The Argus II retinal prosthesis system uses an eyeglass mounted camera and provides wireless transmission to an epiretinal device to stimulate the nerve layer (20). The device does not replace the photoreceptors and vision quality is limited. It is typically suggested for patients who are near or at total blindness (NLP).

In this paper we present 5 patients with Usher syndrome who underwent treatment in SCOTS and demonstrated improvements of visual function including visual acuity and peripheral vision. One patient underwent preoperative and 4-month post-operative hearing evaluation demonstrated mild improvement in both decibels and word understanding. This is suggestive that the cells responsible for translation of signaling for hearing are impacted in a similar fashion by mutations in the gene. We are unable to determine if this is a consistent finding because other patients did not undergo closely associated preoperative or postoperative hearing evaluations.

We have previously shown that the use of BMSC in another hereditary condition, Leber’s hereditary optic neuropathy (LHON), may be beneficial (21). LHON is a disease caused by various mutations of mitochondrial DNA. In several preclinical studies, it has been demonstrated that transfer of mitochondria can occur from BMSC which may include MSCs and injured or damaged cells. This may result in an improvement of adenosine triphosphate (ATP) production and the reduction of reactive oxygen species (ROS) release, potentially reducing the apoptosis of dysfunctional cells.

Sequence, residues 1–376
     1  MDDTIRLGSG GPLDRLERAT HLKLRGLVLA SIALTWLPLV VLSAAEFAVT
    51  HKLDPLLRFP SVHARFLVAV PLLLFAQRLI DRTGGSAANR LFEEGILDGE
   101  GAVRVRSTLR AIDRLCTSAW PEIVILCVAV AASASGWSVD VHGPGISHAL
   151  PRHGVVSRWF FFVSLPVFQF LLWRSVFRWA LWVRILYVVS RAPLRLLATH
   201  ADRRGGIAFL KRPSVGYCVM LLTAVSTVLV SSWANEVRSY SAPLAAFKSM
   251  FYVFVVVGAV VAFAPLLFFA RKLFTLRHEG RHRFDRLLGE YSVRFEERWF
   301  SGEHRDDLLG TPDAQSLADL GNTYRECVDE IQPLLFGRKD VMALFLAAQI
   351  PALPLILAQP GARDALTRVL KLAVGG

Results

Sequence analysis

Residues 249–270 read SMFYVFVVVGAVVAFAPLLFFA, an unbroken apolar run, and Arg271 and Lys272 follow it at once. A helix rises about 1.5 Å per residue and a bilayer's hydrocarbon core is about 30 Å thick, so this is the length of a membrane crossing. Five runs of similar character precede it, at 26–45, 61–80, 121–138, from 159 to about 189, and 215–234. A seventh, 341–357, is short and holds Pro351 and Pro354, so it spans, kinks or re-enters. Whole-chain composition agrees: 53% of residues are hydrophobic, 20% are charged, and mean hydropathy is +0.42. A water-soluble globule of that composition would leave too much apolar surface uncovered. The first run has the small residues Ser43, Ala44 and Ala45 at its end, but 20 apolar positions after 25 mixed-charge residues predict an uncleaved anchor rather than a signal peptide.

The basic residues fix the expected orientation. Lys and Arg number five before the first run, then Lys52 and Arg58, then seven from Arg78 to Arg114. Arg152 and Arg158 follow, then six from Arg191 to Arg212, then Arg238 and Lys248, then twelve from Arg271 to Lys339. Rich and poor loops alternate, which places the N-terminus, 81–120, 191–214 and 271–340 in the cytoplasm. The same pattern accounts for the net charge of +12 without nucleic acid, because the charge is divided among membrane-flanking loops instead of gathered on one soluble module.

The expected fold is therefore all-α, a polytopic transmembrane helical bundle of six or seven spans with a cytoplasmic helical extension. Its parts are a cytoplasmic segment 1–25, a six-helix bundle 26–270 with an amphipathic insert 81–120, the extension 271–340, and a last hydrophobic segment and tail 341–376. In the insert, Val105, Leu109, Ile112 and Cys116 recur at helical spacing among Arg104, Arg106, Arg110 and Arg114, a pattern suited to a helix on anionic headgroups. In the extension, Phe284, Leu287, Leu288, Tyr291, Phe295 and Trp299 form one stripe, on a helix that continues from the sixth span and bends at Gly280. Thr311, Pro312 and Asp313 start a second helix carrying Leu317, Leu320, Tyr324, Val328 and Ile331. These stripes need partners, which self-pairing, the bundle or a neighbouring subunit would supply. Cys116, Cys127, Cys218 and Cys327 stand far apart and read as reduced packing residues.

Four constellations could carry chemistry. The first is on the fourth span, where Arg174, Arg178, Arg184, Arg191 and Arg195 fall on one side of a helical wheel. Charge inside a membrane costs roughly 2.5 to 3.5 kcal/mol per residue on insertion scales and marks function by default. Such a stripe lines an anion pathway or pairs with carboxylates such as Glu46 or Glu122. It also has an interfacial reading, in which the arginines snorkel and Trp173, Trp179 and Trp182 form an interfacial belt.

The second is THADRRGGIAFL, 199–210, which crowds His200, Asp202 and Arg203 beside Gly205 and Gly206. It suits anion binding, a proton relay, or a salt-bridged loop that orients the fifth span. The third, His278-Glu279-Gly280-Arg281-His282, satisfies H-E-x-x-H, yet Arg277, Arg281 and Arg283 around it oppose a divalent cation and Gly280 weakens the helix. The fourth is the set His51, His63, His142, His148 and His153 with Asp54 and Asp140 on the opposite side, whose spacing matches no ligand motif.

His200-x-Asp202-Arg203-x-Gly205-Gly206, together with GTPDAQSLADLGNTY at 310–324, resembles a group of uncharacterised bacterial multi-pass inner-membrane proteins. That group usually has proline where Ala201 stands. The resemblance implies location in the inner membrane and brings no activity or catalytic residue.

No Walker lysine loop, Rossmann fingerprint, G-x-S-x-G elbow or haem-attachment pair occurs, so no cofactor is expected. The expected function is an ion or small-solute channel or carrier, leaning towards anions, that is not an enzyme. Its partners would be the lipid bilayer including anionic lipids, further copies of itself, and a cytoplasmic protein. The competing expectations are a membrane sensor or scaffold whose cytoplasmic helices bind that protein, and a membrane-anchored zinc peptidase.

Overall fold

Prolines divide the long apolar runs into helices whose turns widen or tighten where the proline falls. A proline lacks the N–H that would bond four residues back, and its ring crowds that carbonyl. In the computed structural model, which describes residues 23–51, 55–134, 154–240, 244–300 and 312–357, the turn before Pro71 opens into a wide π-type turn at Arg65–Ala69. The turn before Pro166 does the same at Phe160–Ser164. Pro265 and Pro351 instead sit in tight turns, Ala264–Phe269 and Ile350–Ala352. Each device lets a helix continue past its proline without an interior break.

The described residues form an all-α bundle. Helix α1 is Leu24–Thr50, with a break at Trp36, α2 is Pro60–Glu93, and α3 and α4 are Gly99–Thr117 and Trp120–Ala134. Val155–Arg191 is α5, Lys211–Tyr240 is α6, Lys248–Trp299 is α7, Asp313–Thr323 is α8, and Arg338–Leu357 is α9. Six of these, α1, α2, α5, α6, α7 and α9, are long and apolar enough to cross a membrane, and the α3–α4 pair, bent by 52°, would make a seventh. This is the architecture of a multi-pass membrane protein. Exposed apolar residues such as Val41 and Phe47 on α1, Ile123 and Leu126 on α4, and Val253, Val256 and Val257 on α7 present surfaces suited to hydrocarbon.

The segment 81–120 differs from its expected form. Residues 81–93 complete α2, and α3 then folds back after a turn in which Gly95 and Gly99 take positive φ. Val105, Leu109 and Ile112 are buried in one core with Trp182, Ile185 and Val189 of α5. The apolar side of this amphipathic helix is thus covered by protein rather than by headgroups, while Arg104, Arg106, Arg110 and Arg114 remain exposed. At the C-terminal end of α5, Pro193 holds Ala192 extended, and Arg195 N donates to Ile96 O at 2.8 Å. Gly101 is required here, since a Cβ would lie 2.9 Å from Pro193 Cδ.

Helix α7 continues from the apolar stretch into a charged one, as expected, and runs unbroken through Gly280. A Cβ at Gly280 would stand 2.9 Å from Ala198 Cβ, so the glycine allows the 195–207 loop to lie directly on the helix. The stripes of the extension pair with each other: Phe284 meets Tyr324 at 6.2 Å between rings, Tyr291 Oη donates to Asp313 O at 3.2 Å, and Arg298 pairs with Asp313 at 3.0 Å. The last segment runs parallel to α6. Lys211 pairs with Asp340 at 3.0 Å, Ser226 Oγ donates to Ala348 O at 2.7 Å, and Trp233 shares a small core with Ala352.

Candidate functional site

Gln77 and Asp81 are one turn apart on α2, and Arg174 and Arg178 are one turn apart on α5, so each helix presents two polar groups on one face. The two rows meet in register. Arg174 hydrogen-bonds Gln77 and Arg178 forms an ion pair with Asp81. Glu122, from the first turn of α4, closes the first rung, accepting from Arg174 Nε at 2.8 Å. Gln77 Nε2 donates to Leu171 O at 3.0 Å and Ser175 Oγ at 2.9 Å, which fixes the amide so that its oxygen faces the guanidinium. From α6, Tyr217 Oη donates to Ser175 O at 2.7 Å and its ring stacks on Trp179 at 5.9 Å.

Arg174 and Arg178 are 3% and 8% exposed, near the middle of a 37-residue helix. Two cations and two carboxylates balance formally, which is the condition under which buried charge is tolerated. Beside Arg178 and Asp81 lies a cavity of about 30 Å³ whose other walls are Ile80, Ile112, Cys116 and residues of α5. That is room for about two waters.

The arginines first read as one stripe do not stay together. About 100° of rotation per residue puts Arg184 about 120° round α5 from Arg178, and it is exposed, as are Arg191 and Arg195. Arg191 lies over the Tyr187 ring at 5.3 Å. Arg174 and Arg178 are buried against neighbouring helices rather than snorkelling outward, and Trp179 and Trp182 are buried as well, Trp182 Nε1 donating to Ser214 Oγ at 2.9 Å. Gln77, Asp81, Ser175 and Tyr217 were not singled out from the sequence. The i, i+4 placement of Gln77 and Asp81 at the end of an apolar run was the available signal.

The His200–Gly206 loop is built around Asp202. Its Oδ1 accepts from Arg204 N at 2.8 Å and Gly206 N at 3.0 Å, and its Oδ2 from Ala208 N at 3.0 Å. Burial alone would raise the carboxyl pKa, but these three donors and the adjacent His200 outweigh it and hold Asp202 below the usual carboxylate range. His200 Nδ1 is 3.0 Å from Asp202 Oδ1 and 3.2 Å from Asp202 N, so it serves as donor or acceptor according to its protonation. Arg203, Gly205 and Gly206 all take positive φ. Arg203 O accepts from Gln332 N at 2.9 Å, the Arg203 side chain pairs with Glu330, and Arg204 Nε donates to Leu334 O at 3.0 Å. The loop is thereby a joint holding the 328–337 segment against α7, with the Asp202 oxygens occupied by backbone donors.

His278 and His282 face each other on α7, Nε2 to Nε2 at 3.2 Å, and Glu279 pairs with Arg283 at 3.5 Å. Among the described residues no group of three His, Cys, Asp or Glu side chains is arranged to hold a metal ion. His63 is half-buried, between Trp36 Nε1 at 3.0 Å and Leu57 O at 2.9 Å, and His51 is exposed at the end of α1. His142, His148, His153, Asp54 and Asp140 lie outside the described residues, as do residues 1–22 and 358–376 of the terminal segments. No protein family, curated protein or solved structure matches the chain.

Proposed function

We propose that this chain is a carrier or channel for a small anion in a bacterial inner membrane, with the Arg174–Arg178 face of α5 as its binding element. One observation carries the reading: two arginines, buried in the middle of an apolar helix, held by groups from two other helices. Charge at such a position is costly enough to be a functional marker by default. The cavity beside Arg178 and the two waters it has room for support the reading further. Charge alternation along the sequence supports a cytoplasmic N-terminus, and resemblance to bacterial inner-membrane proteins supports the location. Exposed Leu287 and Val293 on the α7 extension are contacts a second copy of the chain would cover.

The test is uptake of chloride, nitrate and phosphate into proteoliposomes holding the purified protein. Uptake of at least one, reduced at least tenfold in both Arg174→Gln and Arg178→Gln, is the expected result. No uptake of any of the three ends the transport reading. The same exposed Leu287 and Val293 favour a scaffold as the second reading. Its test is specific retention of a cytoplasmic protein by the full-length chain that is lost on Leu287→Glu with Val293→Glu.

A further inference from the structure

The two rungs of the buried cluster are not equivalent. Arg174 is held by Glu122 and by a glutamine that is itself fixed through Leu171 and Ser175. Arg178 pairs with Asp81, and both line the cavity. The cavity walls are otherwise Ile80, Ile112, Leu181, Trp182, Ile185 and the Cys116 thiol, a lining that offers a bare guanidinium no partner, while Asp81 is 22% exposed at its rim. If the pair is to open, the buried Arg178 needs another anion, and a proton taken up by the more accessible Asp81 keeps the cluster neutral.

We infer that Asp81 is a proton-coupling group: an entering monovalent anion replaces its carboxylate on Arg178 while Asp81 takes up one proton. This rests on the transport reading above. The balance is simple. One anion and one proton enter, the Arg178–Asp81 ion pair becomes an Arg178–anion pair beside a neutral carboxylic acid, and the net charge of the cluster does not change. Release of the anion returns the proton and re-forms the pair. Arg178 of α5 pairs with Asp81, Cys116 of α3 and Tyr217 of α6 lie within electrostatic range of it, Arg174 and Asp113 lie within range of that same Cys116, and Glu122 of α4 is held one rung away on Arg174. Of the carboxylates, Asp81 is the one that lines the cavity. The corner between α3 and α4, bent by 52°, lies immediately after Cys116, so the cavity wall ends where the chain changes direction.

The process of mitochondrial transfer has been identified as being via a nanotube like structure. In preclinical work, epithelial cells have been noted to accept mitochondria. Neural tissue including the retinal ganglion cell layer and optic nerve are likely capable of receiving transferred mitochondria.

In another previous paper, the SCOTS protocol demonstrated statistical significance in the improvement or stabilization of vision for patients with non-syndromic RP; 64.7% of patients showed improvement in binocular vision and an average visual improvement of 31% LogMAR over baseline vision (22).